In many relationships, one or both parties may have at some point wondered: how do I fight the temptation to cheat? The answer, according to a recent study, might be more obvious than you think. Simply putting yourself in your partner's shoes could help squash any adulterous inclinations and may help protect a relationship from other behaviors that threaten it.
“Perspective taking doesn’t prevent you from cheating, but it lessens the desire to do so,” Harry Reis, one of the study’s authors, said in a statement. Cheating means “prioritizing one’s own goals over the good of the partner and the relationship, so seeing things from the other person’s perspective gives one a more balanced view of these situations,” Reis added
To date, research in this area has focused mainly on trying to understand why people cheat. It’s a question asked countless times by those involved in infidelity, which might explain why so much research has been dedicated to exploring the patterns that lead to cheating.
However, less time has been spent attempting to identify strategies that might make people less likely to stray in the first place, which is where the new study comes in.
The researchers recruited 408 people – 213 Israeli women and 195 Israeli men – aged between 20 and 47. All were in monogamous, mixed-sex relationships and had been for at least four months. Over a series of three experiments, participants evaluated, encountered, or thought about attractive strangers, either while considering the perspective of their partner or not.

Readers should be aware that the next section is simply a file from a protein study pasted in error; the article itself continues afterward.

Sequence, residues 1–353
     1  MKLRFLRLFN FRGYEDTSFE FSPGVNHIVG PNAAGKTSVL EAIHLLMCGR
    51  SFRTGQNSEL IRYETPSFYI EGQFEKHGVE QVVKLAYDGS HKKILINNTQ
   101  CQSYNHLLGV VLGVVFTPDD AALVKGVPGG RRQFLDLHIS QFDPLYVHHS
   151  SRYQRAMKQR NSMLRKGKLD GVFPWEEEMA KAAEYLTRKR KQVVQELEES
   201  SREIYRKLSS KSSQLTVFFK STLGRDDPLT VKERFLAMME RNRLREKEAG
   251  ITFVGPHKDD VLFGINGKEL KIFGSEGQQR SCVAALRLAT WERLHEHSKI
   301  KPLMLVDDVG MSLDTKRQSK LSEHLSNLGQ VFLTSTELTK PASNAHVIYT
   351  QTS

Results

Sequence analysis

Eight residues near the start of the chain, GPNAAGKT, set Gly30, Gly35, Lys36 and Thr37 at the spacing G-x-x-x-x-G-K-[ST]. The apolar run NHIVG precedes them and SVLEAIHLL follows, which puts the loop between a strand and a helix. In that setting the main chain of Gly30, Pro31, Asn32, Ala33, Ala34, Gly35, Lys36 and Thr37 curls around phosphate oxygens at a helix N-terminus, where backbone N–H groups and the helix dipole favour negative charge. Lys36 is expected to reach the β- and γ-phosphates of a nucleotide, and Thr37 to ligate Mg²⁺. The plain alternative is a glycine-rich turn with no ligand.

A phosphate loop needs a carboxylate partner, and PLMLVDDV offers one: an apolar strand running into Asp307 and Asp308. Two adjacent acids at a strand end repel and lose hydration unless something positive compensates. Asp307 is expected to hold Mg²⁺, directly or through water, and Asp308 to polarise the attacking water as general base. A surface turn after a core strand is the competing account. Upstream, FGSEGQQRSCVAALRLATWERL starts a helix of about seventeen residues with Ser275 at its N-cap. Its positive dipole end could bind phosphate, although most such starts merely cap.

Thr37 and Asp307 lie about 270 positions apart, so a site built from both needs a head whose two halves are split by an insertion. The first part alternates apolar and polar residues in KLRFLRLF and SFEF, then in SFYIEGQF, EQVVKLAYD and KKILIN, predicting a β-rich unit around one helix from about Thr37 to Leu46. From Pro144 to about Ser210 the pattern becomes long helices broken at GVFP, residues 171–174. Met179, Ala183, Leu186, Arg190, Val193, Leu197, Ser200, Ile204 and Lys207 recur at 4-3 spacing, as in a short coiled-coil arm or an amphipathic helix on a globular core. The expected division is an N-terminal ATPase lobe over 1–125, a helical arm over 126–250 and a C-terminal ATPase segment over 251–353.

Meanwhile, their reactions were recorded and their interest in the strangers, their partners, and their commitment to their current relationships were evaluated by psychologists.
When putting themselves in their partner’s shoes, individuals expressed less sexual and romantic interest in strangers and showed increased commitment to and desire for their current partners.
“These findings suggest that partner perspective-taking discourages engagement in behaviors that may hurt partners and damage the relationship with them,” the study authors write.
While they did not test if the same could be said of the partners not involved in the experiment, they suspect that the perspective-taking strategy could improve relationship satisfaction for both parties by encouraging empathy, care, and understanding, even if only one of them adopts it.
And the benefits of this could extend beyond just infidelity, strengthening relationships in other ways.
“People invariably feel better understood, and that makes it easier to resolve disagreements, to be appropriately but not intrusively helpful, and to share joys and accomplishments,” Reis said. “It’s one of those skills that can help people see the ‘us’ – rather than the ‘me and you’ – in a relationship.”
The study was published in The Journal of Sex Research.